The rising tide that was the U.S. stock market in 2010 lifted many of the dinghies, trawlers and supertankers of the Philadelphia corporate world.
But it’s easy to see the dents and leaks left by the financial crisis and recession. The ranks of the good ship Inquirer/Bloomberg Philadelphia Index have been thinned significantly over the last three years.
Delistings, acquisitions, and the relocation of corporate headquarters have all played a part in winnowing the index to 181 members.
Last year, when I performed the spreadsheet gymnastics needed to isolate the best and worst local stocks, there were 195 stocks in the index. Pre-recession, the index routinely had more than 225 members.
As in previous years, I narrowed the field further by considering only stocks that began 2010 with a price more than $3 a share. That left just 121 companies. Of those, 93 finished up for the year, evidence of the recovery of equities.
Outside of their Philadelphia-area headquarters, the three best performers have very little in common.
The top gainer was Dorman Products Inc., a Colmar supplier of automotive replacement parts. As of Dec. 29, when this column was written, Dorman’s shares had risen 128 percent in 2010.
Benefitting from what has been a weak market for new cars and trucks, Dorman has reported seven straight quarters of increased year-over-year net sales and net income. Unless the wheels fell off Dorman’s cart in its fourth quarter, the 32-year-old company once known as R&B Inc. should have surpassed $400 million in sales last year for the first time.
The second-best performing local stock is a name from the dot-com bubble era, Internet Capital Group Inc. The Wayne investor in business-to-business e-commerce companies saw its shares rise 112 percent.
Still, that’s a rather sane rise compared with Web 1.0’s heyday when Internet Capital meteoric rise in market value was a sign of dot-com froth. In January 2000, Internet Capital’s market capitalization reached $45 billion surpassing General Motors Co. Once the Internet stock bubble burst, 99 percent of that shareholder value evaporated.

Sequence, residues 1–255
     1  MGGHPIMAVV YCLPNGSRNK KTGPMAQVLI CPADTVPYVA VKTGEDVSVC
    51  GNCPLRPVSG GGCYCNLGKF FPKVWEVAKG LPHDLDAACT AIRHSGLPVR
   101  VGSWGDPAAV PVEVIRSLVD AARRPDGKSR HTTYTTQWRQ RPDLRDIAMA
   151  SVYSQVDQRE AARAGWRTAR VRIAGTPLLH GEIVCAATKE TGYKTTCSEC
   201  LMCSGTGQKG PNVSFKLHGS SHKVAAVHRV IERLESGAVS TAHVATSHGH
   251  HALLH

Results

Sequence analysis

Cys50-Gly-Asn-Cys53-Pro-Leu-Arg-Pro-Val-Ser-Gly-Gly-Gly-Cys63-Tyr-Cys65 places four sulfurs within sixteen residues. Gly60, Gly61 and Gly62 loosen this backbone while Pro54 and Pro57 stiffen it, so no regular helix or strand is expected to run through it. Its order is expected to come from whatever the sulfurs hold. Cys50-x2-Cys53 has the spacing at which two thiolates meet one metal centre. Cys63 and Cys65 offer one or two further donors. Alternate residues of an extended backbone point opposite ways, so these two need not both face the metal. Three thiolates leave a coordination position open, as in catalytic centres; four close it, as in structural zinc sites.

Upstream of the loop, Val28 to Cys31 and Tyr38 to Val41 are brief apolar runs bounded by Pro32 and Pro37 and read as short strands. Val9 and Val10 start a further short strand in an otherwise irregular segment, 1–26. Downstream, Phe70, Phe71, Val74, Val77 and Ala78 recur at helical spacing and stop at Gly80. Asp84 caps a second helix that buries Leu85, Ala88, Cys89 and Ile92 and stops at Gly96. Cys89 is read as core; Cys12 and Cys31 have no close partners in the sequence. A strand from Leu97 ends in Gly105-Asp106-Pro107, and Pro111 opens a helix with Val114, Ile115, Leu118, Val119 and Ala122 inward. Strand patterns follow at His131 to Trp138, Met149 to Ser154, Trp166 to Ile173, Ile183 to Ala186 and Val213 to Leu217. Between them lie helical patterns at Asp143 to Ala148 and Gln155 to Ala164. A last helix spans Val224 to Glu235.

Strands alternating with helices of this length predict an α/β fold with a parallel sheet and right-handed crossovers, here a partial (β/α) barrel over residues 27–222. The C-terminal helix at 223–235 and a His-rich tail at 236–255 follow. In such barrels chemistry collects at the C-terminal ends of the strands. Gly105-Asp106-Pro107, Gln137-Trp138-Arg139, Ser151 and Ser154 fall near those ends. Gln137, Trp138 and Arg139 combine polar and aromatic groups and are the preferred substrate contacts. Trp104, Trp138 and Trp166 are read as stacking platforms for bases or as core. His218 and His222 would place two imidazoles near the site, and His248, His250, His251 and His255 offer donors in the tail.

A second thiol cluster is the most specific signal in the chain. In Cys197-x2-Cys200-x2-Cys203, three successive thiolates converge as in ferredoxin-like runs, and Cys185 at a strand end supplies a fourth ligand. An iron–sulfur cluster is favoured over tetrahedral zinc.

With a market cap of $518 million now, Internet Capital remains firmly behind a post-bankruptcy GM and its $54 billion market value.
Shares of Quaker Chemical Corp., a specialty chemical manufacturer based in Conshohocken, increased 109 percent. A supplier of lubricants and hydraulic fluids to the steel industry, Quaker’s product volumes rose significantly in 2010, thanks to increased steel demand in Brazil, China, India and Russia.
The worst-performing local stock of 2010 was Wilmington Trust Corp. whose share price clanked lower by 64 percent. The regional bank surprised investors with unexpected losses during the first half of the year. Just how bad things were became clear when Wilmington Trust was sold to Buffalo, N.Y.-based M&T Bank Corp. on Nov. 1 at the fire-sale price of $3.84 per share.
Thanks to its recent 1-for-15 reverse stock split, Warrington-based Discovery Laboratories Inc. raised its stock price above my minimum, making it eligible for the bottom three. Its shares lost 60 percent of their value last year.
Shares of Center City-based Republic First Bancorp Inc. declined 45 percent in 2010. In March, a long-delayed merger between Republic First and Harrisburg’s Metro Bancorp Inc. collapsed. In the wake of the deal’s end, Commerce Bank founder Vernon W. Hill II raised his stake in Republic First to 9.9 percent. Still, it remains a small institution with 13 branches and $947 million in assets.